Saturday, 13 March 2010

A great blog writer's advice on "How to Write"

I met Chris Clarke 30 years ago, lost touch with him after a couple of years, and reconnected through his blogging after a gap of 25 years. Chris is a great writer; the best writer in the blog medium I know. That is, in part, because he is thoughtful and interesting, and shares many of my values including skepticism and respect for uncertainty. But it's also about the wordcraft. I read him even when he writes about topics I would ignore from anyone else. (Dogs, for example.) Yesterday he posted a piece I highly recommend on How to Write.

Link | Posted by Edward on Saturday, 13 March 2010, 13:23 ( 1:23 PM) | TrackBack (0)
Comments

Great advice from Chris Clarke--thanks for posting this link. I especially like this tip:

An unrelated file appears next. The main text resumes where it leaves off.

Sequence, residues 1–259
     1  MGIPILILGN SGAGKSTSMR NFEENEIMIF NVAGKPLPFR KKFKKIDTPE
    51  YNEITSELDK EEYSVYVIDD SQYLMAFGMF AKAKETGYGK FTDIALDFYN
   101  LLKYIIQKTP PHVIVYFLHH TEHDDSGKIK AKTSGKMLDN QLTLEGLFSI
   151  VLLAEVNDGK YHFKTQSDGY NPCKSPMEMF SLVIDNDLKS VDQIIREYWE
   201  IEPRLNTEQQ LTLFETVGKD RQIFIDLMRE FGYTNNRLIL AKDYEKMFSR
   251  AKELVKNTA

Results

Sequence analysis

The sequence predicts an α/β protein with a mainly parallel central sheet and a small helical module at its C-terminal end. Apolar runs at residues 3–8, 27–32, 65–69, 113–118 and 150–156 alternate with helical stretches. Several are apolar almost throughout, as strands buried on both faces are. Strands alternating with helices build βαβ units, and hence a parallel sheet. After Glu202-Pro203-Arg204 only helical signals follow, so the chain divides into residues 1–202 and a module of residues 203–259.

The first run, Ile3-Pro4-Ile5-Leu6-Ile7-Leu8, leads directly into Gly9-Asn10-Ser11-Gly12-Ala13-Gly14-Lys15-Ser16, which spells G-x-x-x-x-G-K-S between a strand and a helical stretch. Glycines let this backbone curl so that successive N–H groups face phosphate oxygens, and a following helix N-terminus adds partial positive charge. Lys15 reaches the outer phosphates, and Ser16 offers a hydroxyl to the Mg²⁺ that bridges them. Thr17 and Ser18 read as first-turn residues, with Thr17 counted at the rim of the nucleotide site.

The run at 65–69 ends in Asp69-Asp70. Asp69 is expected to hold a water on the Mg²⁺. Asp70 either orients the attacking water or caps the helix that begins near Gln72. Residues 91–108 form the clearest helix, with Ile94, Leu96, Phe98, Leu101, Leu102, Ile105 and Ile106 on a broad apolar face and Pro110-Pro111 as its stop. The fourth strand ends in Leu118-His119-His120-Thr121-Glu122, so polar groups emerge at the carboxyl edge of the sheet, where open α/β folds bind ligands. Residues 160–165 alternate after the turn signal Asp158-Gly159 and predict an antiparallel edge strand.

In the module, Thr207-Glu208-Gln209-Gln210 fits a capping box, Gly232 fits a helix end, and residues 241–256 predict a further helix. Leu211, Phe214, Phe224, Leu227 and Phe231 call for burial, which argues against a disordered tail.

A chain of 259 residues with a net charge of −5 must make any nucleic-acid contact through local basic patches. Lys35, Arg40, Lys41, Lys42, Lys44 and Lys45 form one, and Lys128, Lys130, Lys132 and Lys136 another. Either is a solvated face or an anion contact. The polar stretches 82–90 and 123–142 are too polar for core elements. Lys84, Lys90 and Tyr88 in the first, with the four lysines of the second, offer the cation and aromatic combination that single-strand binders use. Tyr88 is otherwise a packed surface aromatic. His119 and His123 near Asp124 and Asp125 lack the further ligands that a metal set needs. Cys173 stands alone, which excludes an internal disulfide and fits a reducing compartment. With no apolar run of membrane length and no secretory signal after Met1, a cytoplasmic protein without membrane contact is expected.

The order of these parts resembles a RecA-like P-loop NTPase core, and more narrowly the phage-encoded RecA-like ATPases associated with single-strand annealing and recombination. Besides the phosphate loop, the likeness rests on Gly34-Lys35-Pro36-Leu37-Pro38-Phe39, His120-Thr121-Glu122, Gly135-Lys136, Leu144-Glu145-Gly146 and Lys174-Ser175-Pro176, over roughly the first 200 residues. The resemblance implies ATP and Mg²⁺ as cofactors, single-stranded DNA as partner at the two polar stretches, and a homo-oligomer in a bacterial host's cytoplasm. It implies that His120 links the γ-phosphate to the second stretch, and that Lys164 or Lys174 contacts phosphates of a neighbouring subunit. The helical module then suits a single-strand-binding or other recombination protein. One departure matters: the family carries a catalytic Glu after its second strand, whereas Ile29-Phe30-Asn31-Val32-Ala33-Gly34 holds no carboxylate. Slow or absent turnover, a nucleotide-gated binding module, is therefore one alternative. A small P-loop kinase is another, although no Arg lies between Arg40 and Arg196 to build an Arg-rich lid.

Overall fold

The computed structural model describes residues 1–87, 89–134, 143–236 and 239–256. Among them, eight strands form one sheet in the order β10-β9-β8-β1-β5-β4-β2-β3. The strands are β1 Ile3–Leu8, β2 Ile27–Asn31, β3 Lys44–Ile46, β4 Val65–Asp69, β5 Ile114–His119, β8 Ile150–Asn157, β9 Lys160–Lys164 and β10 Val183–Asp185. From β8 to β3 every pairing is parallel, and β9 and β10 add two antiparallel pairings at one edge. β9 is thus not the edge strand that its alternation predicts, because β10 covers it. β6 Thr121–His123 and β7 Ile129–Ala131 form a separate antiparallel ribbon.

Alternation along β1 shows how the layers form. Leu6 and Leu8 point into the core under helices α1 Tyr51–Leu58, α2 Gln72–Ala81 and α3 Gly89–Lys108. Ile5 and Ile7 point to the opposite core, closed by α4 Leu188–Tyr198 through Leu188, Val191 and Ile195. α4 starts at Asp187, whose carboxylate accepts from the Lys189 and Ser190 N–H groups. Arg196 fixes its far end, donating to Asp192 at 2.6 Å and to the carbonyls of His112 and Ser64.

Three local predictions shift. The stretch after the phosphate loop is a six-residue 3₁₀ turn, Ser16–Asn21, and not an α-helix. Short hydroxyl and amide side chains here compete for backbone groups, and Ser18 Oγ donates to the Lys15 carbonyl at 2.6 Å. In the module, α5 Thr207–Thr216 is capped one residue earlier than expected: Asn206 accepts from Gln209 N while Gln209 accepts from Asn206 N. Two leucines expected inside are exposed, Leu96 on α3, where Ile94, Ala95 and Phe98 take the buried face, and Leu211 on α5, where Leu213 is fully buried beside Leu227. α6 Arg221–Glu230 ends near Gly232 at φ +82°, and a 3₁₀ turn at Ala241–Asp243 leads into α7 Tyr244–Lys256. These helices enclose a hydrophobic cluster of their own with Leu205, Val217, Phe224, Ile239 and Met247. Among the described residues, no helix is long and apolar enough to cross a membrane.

"Remove the first and last paragraphs of each drafted piece altogether and see how the piece works without them. Most writers take a paragraph to crack their knuckles and warm up at the beginning of a draft, and you'll find a perfectly good and more economical beginning at the start of the second paragraph."

I find that to be true in most of what I write. Another great bit of advice, attributed to Mark Twain, is "Kill your darlings." I take this to mean that if you're overly attached to a line or phrase, it probably needs to go.

Posted by: Erin Van Rheenen, 22 March 2010, 13:42 ( 1:42 PM)
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